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What Greece could learn from Iceland

What Greece could learn from Iceland

Concentrate creditors’ minds: hold a referendum

by Meghnad Desai, Chairman, Advisory Board

Wed 2 Nov 2011

Greek referendum call presaged by Prof. Desai’s July 2011 proposal
Financial markets and European politicians have been stunned by the decision of Greek prime minister Greek Papandreou to call a referendum on last week’s Brussels debt deal. Readers of the OMFIF Bulletin may remember that Prof. Meghnad Desai, Chairman of the OMFIF Advisory Board, proposed such a move on p.3 of the July 2011 issue. See extract below and the full article.

As the euro drama slides into melodrama and then possibly into farce, Greece should learn from the example of Iceland, which went bankrupt two years ago. Like Ireland, Iceland ran into problems with its private banks which built up excessive liabilities by offering an above-market interest rate on deposits and then crashed when Lehman Brothers went down. The debt - which were the deposits taken by the banks operating abroad - was left with the Icelandic Treasury. But in a referendum the Icelanders voted to renege on the debt and forced the creditor countries - mainly the UK and the Netherlands - to renegotiate.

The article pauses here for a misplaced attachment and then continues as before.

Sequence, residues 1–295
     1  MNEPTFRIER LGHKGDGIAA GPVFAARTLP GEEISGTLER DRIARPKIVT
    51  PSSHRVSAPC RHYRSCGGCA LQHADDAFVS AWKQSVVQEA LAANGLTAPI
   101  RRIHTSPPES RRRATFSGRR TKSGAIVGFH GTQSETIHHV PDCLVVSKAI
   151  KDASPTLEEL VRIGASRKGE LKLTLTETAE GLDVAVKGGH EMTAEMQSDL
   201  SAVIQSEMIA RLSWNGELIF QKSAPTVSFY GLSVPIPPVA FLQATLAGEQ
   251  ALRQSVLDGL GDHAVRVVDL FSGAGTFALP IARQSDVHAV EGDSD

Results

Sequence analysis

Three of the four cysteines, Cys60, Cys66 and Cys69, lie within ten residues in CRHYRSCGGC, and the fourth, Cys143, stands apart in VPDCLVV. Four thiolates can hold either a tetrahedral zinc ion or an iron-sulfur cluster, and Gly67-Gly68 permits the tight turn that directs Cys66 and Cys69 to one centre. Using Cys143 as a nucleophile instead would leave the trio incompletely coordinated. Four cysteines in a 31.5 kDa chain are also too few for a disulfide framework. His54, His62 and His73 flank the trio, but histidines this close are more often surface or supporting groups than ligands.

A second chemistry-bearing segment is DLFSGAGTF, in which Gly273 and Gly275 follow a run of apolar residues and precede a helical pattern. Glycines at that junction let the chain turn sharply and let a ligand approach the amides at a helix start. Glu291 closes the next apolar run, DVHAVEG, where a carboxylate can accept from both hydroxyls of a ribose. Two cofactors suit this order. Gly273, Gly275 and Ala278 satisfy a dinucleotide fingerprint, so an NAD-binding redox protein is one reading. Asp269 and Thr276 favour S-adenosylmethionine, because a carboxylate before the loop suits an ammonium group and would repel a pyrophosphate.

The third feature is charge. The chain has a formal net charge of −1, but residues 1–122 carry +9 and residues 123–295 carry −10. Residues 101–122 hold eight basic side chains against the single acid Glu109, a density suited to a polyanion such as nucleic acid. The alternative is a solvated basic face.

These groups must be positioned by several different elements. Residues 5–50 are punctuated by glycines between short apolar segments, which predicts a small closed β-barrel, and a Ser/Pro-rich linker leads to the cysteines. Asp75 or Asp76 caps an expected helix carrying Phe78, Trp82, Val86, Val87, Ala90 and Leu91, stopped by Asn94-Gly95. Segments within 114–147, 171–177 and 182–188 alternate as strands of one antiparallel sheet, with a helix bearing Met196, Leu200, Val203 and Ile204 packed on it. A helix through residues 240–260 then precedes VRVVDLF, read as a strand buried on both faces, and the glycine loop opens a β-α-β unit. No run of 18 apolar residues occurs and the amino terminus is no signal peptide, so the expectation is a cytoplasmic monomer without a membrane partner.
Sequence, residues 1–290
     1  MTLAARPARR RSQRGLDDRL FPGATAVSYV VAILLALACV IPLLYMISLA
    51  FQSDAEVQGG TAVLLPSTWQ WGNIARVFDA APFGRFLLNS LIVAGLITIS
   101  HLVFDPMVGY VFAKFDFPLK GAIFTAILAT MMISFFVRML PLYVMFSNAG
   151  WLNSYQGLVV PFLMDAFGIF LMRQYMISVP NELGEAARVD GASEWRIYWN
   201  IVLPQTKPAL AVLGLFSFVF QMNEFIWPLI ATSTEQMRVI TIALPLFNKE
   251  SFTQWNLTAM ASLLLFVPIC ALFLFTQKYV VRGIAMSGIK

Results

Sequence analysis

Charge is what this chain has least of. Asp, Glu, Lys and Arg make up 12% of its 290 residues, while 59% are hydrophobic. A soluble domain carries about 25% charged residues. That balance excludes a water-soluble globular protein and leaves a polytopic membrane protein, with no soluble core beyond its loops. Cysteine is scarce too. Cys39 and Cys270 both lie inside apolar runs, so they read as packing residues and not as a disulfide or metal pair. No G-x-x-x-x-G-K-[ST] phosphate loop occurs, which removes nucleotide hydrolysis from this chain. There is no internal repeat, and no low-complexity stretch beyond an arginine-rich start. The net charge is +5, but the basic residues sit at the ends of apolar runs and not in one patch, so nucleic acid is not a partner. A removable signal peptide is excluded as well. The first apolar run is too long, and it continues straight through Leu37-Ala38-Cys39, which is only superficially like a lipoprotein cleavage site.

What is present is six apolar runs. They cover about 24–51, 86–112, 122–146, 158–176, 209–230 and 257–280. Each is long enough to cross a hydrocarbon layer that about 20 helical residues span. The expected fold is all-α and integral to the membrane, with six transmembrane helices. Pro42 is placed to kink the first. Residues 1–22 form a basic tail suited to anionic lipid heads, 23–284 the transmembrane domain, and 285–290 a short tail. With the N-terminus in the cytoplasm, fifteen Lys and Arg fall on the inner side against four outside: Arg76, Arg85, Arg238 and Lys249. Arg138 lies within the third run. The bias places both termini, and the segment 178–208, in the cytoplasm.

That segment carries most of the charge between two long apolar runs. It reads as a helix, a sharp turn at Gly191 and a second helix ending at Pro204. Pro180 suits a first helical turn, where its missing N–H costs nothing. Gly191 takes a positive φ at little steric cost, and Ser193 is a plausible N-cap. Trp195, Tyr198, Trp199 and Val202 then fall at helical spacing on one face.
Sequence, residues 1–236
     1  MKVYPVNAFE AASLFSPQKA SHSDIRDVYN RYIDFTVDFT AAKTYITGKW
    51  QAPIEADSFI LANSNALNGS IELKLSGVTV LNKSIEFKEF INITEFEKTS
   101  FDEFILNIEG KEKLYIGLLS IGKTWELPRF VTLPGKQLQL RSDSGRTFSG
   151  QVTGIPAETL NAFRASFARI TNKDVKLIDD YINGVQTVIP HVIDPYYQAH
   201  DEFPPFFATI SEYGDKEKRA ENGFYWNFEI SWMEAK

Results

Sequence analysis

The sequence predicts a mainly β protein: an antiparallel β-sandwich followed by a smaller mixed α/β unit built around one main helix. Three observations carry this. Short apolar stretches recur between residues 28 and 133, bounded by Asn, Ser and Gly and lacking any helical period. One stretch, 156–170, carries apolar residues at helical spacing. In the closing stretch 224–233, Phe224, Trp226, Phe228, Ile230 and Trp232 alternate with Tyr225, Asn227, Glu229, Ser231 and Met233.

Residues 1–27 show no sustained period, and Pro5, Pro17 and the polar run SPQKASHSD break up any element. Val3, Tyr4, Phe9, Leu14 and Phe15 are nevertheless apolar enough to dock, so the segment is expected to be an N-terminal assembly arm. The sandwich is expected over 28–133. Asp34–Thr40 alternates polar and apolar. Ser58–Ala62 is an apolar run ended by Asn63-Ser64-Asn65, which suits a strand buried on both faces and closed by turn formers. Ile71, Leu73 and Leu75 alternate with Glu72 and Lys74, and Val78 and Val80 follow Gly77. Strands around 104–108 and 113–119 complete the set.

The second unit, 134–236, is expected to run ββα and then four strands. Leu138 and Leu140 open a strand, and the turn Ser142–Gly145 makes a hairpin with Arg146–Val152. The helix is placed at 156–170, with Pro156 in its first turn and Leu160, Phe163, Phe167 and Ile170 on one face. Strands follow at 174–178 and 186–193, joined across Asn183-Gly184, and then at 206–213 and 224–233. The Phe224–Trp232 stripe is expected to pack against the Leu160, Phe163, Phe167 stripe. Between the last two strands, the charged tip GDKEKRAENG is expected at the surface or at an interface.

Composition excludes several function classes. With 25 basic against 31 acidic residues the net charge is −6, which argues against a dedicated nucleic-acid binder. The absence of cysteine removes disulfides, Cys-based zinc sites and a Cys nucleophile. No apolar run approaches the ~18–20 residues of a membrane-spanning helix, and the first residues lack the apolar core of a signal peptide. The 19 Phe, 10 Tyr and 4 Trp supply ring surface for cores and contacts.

Not being in the euro, Iceland could let its currency depreciate – a painful exercise, but one that lets individual citizens make their own adjustments to inflation. Now two years on, Iceland is on track for annual growth above 2% this year and next after a cumulative 10% fall in output in 2009 and 2010. Iceland has returned to the international capital markets and can borrow at 5% - a rate the Greeks can only dream of.

There is a lesson for the euro area here. Not every creditor deserves a break. They should have known it was risky to lend to Greece. Let them bear the cost. I believe Greece should hold a referendum on whether its citizens are willing to pay back the debt. That should concentrate minds - both in Greece and among the creditor countries – and might make a contribution to resolving the issue.

A referendum would certainly be better than the other options that are feared – a revolution or even a military coup. But Greece is used to such shocks – and has a long history of reneging on its international obligations. The Papandreou government is fast running out of options. It’s hoping for respite from privatising many of Greece’s assets. But this is a tricky political decision for an ostensibly Socialist Party. Even if the government decides to sell, it may not get its hands on the money for a while. And a fire-sale will be counter-productive.

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